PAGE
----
So What If The Polar Vortex Is Making You Skinny?

If you're home enjoying a snow day, you're probably quite thankful for the strange weather we've been having. But, if you had to trek through snow and ice and bone-chilling winds to get to work today, you're probably quite annoyed with this deep-freeze business. In the spirit of finding a silver lining, however, Time offers up a new scientific discovery: Complain all you want about the polar vortex, but this cold-weather phenomenon is apparently going to make us all skinnier. A new report in Trends in Endocrinology & Metabolism claims that exposure to colder temperatures can be beneficial for weight loss. And, really, who cares if you're freezing so long as you're thin? Think of all the layers you'll be able to fit under your now-too-huge winter jacket.
The author, Wouter van Marken Lichtenbelt of the Maastricht University Medical Center in the Netherlands, conducted a study using 51 young men (though it's not clear exactly what age qualified as "young" in this experiment). Van Marken Lichtenbelt's team exposed the men to a refrigerated room (62-degrees Fahrenheit) in a lab for 10 days. The men got used to the cold — to the point where they stopped shivering and failed to notice a several-degree drop in temperature. According to the researchers, this is because of the brown fat in their bodies.
Brown fat is a sort of wonder fat that burns your body's energy instead of storing it. And, until now, it was thought that this special fat existed primarily in newborns. According to this study, however, adults may have more brown fat than previously thought, and activating it could help with weight loss. Not only do the brown fat's processes create heat, but it actually eats away at the white fat (which you may recognize from your thighs). It can burn up to 30% of your body's energy. And, researchers at University Hospital of Sherbrooke in Canada found that exposing people to the cold activates this brown fat. It's enough to make you welcome the polar vortex with open, less-flabby arms.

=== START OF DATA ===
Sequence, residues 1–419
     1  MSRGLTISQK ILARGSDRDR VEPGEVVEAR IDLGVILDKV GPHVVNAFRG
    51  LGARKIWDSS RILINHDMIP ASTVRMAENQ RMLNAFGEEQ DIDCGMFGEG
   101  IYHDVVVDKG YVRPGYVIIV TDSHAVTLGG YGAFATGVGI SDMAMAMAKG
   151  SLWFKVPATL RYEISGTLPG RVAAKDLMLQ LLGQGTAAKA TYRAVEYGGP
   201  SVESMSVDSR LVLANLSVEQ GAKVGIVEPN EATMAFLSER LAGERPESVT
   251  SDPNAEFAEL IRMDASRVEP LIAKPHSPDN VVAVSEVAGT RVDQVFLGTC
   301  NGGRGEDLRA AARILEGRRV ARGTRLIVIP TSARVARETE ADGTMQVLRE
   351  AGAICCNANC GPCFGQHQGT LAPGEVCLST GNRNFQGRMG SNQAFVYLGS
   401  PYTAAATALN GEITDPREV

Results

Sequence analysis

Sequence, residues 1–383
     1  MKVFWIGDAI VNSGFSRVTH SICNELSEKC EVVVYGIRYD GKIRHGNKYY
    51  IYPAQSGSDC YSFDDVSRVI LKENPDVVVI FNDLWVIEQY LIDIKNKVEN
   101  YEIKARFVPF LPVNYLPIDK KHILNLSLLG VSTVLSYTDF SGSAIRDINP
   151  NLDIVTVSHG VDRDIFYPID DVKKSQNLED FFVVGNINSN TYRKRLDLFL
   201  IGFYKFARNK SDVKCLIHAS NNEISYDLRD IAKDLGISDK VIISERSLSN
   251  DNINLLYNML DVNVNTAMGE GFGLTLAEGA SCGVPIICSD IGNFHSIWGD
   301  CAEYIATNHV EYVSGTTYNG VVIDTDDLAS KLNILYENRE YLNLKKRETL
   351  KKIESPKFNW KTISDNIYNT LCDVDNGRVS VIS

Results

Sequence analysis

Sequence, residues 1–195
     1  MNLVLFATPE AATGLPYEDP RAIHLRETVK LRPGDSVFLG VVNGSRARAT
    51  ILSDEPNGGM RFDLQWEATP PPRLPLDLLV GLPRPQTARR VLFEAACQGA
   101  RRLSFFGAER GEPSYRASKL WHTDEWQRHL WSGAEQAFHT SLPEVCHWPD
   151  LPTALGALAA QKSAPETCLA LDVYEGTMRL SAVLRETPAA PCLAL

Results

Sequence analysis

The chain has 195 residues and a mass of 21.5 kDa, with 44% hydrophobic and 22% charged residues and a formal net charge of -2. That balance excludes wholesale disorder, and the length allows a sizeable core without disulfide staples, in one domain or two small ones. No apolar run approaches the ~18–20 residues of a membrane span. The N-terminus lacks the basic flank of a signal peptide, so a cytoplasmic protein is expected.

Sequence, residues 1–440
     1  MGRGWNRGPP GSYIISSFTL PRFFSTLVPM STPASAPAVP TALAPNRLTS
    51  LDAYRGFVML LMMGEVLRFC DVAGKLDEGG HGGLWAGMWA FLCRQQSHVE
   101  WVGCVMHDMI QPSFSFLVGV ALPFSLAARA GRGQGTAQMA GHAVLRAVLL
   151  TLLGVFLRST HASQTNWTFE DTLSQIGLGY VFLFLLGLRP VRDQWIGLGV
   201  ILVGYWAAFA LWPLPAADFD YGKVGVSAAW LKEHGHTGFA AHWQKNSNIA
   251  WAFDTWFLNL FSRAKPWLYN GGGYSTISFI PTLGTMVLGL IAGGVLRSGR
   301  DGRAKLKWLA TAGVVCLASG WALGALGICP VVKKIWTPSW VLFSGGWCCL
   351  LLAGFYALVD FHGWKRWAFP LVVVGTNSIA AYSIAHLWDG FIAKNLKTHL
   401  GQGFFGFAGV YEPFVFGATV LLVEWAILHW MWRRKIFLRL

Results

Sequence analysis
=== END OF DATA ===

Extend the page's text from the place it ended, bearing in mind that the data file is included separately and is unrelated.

As van Marken Lichtenbelt explains, "Indoor temperature in most buildings is regulated to minimize the percentage of people dissatisfied. This results in relatively high indoor temperatures in wintertime. By lack of exposure to a varied ambient temperature, whole populations may be prone to develop diseases like obesity. In addition, people become vulnerable to sudden changes in ambient temperature.” With this information, scientists are looking into ways to preserve or amplify levels of brown fat.
Magical fat jokes aside, we must pause to consider the importance of this discovery. To be sure, the nation's obesity epidemic is worth tackling. But, have we forgotten the benefits of a bit of winter weight? And, it's important to remember that less weight doesn't necessarily mean better overall health. While we wait for more research on brown fat, we hope that the focus shifts from weight loss to the other body-warming capabilities that may be applied on a global scale — not just to obesity. (Time)

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